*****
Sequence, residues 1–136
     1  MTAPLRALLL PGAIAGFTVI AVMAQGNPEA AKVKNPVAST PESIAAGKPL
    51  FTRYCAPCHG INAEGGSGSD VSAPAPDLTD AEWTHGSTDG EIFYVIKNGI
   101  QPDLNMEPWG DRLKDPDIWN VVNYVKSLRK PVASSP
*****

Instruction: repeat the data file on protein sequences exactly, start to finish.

Sequence, residues 1–136
     1  MTAPLRALLL PGAIAGFTVI AVMAQGNPEA AKVKNPVAST PESIAAGKPL
    51  FTRYCAPCHG INAEGGSGSD VSAPAPDLTD AEWTHGSTDG EIFYVIKNGI
   101  QPDLNMEPWG DRLKDPDIWN VVNYVKSLRK PVASSP